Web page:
A few years ago, I serendipitously came across an old box that contained a motley group of items like property papers, a silver ittardaan, a few pieces of fabric and two banarasi blouses that had belonged to her. Recently, I also chanced upon a banarasi saree and its matching chadar that were in the possession of my aunt, along with an accompanying tale of love and blood. My aunt, Neelam, tells me that this silk banarasi saree had been a gift to Chandrika Devi from my grandfather’s side and she wore it at her bidai, when she left her father’s home for her husband’s. Since Chandrika Devi’s eldest daughter died of snakebite, Neelam, the first to get married, inherited the saree and wore it and the chadar during her own bidai, bringing the tradition beautifully full-circle. As Chandrika Devi died soon afterwards, Neelam never wore this garment again, wrapping it securely in mulmul cloth and keeping it ensconced between layers of clothes inside a Godrej almirah for years. Later, Neelam’s daughter Rangila wore the chadar in her wedding as a blessing from the nani long passed. Most recently, almost 40 years since my grandmother’s death, my mother decided to borrow this heirloom saree and wear it for my brother’s wedding. For her, this gesture was a way to connect to the mother-in-law she had never met but whose blessings she sought fervently.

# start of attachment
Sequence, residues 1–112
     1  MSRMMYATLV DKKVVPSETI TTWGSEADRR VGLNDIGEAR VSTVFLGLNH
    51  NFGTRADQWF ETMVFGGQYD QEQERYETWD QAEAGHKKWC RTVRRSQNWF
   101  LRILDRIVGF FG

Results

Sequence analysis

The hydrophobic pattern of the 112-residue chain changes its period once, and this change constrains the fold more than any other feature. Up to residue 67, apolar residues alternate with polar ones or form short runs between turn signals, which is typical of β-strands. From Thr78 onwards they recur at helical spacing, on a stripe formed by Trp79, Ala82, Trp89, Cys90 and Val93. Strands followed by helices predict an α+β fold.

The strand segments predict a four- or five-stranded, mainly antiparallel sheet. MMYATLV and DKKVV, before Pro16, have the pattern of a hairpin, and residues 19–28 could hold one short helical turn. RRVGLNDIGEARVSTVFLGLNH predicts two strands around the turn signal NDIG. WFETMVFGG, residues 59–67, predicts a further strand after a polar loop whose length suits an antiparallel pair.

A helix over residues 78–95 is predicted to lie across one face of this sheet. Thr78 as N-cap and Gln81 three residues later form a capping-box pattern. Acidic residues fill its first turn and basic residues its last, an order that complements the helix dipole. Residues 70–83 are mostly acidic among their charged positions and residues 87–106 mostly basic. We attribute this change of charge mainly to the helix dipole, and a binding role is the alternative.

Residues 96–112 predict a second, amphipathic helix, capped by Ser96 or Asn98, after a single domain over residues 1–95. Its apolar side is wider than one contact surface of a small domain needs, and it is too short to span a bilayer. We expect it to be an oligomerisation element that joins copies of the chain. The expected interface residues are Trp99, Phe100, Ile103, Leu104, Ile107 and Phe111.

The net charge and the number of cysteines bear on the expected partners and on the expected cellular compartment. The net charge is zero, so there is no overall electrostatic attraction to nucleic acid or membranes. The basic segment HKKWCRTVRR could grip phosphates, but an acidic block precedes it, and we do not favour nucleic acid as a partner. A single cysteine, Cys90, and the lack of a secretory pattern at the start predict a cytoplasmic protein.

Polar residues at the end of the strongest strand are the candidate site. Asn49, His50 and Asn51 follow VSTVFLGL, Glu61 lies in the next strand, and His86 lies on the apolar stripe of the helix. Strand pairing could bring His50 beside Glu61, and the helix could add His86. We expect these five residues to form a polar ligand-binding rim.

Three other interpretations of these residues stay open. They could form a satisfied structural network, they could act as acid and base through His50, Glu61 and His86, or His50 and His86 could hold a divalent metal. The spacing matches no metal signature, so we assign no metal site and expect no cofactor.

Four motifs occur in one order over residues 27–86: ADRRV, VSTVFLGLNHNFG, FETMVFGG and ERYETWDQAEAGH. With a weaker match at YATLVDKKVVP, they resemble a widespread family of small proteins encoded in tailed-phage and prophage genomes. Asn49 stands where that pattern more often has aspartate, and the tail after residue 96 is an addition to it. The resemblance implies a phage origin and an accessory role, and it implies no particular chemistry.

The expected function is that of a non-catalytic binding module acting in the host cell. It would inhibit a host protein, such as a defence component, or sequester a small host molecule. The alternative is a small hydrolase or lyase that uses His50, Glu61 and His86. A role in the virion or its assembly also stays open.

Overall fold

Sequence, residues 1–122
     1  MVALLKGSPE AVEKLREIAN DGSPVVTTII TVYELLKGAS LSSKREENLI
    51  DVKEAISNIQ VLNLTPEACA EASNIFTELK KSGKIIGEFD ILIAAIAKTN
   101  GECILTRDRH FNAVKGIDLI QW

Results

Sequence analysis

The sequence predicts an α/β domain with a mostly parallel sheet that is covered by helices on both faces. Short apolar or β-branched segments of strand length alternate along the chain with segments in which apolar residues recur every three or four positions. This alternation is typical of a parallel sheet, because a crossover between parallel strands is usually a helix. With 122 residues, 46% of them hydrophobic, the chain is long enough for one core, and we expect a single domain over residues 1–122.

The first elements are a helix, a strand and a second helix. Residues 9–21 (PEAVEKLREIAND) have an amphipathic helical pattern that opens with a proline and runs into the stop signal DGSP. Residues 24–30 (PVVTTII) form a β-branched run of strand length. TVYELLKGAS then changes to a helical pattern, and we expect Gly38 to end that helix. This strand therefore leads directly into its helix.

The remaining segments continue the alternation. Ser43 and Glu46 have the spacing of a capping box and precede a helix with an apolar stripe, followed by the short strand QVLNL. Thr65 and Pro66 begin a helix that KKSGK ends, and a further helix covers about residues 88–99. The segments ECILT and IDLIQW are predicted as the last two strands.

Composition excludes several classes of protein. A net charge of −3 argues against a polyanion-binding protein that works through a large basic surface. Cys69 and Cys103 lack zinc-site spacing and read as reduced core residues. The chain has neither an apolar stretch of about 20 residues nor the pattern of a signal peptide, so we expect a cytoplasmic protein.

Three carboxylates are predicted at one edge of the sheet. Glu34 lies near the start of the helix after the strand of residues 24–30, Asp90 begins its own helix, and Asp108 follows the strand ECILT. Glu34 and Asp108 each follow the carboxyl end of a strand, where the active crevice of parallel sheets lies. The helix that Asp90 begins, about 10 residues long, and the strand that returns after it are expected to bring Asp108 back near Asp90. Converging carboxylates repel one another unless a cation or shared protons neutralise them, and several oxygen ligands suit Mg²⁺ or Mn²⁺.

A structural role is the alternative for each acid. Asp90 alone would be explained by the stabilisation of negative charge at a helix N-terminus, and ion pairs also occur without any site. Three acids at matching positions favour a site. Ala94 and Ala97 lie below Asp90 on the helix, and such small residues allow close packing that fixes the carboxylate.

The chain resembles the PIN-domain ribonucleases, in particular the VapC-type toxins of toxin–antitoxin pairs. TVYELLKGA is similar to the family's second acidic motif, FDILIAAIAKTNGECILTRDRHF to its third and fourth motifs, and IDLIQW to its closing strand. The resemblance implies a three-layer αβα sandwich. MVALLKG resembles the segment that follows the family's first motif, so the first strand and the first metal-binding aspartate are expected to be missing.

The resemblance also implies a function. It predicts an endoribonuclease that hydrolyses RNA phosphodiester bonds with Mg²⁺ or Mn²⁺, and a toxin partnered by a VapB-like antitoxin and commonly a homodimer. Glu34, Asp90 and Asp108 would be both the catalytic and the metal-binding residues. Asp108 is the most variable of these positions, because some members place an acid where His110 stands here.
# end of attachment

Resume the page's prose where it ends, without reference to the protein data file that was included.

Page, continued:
This was when I first saw the saree and chadar and fell irrevocably in love with the garments. It was also the time when I realized that one of the blouses that had been found in a box a few years ago had been the original set that came with this saree. As both my grandmother and aunt were different sizes, it appears that while Neelam got the saree and chadar, its blouse was kept in a box and long forgotten, only to be found years later. While in a decrepit condition, the blouse is a living embodiment of the fashion sensibilities of how women in the early 1930s liked their garments to be stitched.